The most refreshing part of reading stories by non-American writers is that they often break western formulas. This is one reason why the now deceased Nigerian-British writer Buchi Emecheta remains my favorite storyteller. She was the author of more than 20 books, I have read nine of them. Competing for that title now is Gambian Sanusi Camara with the release of his second novel, “Call Me Abou.”
Abou lost his father before he was born. His mother remarried and his life became bright until his stepfather passed away. Unlike in too many western stories, his stepfather was fair to him and his mother was just to her stepson. For Camara, having a stepmom or mother-in-law be the evil person is not the norm as often is in stories from Cinderella to The Jeffersons. "The author doesn't think it's normal," he responded to Port of Harlem in third person.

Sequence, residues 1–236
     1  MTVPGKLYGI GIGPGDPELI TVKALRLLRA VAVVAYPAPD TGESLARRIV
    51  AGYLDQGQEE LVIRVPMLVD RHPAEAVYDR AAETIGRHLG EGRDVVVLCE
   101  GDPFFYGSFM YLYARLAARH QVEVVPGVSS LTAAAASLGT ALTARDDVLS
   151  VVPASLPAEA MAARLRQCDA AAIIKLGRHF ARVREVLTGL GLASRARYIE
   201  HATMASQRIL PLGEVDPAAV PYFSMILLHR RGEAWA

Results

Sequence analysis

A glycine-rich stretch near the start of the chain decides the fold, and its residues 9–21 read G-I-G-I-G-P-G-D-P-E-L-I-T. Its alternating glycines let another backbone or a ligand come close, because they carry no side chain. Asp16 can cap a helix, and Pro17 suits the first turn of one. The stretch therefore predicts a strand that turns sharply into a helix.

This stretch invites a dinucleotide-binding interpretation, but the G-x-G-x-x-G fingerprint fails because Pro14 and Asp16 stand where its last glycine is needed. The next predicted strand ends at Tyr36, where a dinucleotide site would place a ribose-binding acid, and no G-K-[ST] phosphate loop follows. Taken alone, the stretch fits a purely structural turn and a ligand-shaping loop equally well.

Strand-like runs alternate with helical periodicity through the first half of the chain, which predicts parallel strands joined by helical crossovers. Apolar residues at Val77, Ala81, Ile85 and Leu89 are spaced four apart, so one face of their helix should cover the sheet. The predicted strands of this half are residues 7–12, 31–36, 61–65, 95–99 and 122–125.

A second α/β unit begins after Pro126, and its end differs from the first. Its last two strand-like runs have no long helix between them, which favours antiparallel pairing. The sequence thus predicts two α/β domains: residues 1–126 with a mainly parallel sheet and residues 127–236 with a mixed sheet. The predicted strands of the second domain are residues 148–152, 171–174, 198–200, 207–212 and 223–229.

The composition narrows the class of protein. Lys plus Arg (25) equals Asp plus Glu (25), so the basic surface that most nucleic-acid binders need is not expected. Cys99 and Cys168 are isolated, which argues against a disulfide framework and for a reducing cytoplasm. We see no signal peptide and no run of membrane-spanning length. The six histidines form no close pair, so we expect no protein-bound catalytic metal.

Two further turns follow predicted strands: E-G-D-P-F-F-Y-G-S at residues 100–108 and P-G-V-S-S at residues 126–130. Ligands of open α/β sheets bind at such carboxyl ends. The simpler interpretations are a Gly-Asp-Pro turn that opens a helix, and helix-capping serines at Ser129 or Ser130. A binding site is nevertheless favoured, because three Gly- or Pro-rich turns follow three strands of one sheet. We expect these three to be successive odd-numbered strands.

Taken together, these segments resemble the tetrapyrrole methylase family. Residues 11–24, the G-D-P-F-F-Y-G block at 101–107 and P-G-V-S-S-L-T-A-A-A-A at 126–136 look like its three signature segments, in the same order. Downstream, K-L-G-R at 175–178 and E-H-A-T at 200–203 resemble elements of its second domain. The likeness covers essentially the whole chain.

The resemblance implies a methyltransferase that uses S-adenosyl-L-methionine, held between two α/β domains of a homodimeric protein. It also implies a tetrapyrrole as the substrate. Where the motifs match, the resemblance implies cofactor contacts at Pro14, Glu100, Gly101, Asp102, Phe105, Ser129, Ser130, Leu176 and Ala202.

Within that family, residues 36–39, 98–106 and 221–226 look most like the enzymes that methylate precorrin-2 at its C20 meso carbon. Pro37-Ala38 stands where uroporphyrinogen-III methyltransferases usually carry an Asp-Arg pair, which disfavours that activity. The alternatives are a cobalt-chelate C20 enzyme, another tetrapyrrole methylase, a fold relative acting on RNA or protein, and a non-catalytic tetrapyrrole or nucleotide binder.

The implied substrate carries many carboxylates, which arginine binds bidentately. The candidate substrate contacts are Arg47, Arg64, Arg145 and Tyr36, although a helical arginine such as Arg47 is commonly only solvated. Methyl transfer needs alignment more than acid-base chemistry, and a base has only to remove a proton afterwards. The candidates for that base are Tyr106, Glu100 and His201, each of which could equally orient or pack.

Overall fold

In one particular case, after Abou had been noncompliant, his birth mom did not allow him to eat with the polygamous family while the stepson ate. “Normally, the child under punishment is exempted from the meal. The child can be punished by a stepmom, uncle, bother, a friend of the parent, or even an outsider who has connection,” he says.